A common condition in insurance policies requires the insured to take all reasonable precautions to prevent risks from coming to fruition. The recent Western Australian District Court decision of Canny v Primepower Engineering Pty Ltd [2015] WADC 81 demonstrates an example of an insurer successfully relying upon a reasonable precautions condition in a policy to deny a claim for indemnity.

In this case, Mitchell Canny, an electrical apprentice employed by Primepower, suffered severe burns when a fireball engulfed an engine at Primepower’s place of business. At the time of the accident, Primepower employees were attending a social function at the premises and at least some of them were consuming alcohol. Mr Canny, some of his colleagues and at least one member of the public were attempting to seize an unused engine by getting it to run faster than intended. Some of Primepower’s supervisors provided advice on how to seize the engine. Primepower’s managing director also permitted the activity to take place. At the precise moment the accident occurred, Mr Canny was decanting petrol from one container to another while one of his colleagues was spraying a flammable liquid and attempting to start the engine.

Her Honour Judge Stewart found that Primepower breached the duty of care it owed to Mr Canny in its capacity as his employer by failing to provide a safe place of work and by failing to provide a safe system of work. However, Judge Stewart also found that Mr Canny’s conduct contributed to his injuries and assessed his degree of contributory negligence at 15 percent, on the basis that while Mr Canny was not responsible for providing a safe place of work, and he did not institute the system of work adopted on the day of the accident, his actions in decanting petrol while his colleague sprayed flammable liquid nearby was not the conduct of a prudent and reasonable man.

At the time of the accident, Primepower held an employers’ indemnity policy with Allianz Australia Insurance Ltd.  Primepower joined Allianz as a third party to the proceedings and sought an indemnity in relation to any liability it had against Mr Canny. Allianz argued that Primepower’s reckless disregard for the safety of its employees (including Mr Canny) amounted to a breach of a reasonable precaution provision in the policy. The specific provision stated:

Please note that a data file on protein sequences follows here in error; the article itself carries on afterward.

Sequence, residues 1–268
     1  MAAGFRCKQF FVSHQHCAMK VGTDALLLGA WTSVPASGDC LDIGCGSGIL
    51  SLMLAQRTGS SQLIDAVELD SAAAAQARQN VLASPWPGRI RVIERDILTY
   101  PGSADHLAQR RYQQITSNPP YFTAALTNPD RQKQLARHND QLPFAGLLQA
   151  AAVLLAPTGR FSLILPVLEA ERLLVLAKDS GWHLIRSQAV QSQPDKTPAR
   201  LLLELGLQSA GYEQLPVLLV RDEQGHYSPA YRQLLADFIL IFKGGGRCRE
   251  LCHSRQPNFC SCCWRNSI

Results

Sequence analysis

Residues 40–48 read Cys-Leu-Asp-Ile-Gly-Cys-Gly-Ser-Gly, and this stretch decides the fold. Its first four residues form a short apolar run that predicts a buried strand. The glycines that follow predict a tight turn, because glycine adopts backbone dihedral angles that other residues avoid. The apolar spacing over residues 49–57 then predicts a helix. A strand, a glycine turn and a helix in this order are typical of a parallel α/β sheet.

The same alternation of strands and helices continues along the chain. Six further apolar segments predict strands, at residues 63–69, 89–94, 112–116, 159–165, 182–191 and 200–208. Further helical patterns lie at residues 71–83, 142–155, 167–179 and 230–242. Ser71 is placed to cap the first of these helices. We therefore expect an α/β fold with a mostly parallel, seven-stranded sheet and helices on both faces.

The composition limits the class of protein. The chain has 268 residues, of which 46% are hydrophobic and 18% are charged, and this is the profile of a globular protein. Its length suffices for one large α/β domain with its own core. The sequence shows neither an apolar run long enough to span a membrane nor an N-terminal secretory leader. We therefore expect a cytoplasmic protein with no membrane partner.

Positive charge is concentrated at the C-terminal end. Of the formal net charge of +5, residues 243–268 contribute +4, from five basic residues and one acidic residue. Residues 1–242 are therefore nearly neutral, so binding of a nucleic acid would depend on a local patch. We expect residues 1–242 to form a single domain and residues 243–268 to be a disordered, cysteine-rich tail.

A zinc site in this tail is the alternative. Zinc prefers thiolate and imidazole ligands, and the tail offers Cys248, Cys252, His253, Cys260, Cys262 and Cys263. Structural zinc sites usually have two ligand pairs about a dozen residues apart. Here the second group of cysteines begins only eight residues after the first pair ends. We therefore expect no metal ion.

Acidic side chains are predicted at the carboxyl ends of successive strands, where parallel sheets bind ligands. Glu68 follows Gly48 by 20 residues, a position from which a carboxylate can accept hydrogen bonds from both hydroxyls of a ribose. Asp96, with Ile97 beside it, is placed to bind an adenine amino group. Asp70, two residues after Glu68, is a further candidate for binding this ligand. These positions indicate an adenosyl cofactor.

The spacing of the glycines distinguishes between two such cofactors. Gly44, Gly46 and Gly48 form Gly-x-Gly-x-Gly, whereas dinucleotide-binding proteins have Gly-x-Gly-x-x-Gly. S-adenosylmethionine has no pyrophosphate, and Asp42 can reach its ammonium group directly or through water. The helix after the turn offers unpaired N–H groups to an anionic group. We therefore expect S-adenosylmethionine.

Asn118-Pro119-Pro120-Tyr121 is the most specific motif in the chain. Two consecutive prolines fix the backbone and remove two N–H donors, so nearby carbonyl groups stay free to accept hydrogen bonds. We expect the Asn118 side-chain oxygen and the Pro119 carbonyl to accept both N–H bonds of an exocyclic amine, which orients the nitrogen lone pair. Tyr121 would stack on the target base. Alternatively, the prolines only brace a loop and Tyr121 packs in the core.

[Primepower] must take all reasonable precautions to prevent injury to Workers and must comply with all relevant laws, including the Occupational Safety and Health Act 1984 as amended and replaced and Regulations.

In assessing the application of the provision, Her Honour adopted three principles set out in Brescia Furniture Pty Ltd v QBE Insurance Australia) Ltd [2007] NSWCA 598, those being:

  1. Where the onus lies depends on the proper construction of the provisions of the policy.
  2. The appropriate test of reasonableness is a test of whether the insured perceived and deliberately courted the risk.
  3. In order to attribute a state of mind to a company, the collective states of mind of officers of the company relevantly connected with it are treated as being the state of mind of the company.

In relation to principle 1, Judge Stewart held that the onus rested on Primepower, because the relevant condition was a condition precedent to the indemnity under the policy. It was not in issue that the knowledge to be examined was the knowledge of Primepower’s managing director and that the condition would not be breached simply by a finding of negligence on behalf of Primepower.

When applying the test of courting the risk, Her Honour considered a number of authorities and ultimately held that Primepower courted the risk (and also breached the Occupational Safety and Health Act 1984). She reached this conclusion because Primepower’s managing director took no steps to protect Primepower’s employees who were working on the engine, his actions were not inadvertent, he deliberately allowed the consumption of alcohol by apprentices over a long period of time with no limits, he gave no instructions to the employees not to work on the engine if they consumed alcohol, and that his conduct was serious and more than negligence. As a result, Primepower did not comply with the reasonable precautions clause of the policy and Allianz’s denial of indemnity was appropriate.

This case highlights the importance of reasonable precaution conditions in insurance policies and provides a reminder to insurers as to when they can rely on these conditions to deny indemnity to unreasonable insureds. From an insured’s perspective, this case represents a textbook example of what not to do and the significant consequences of breaching a reasonable precautions condition.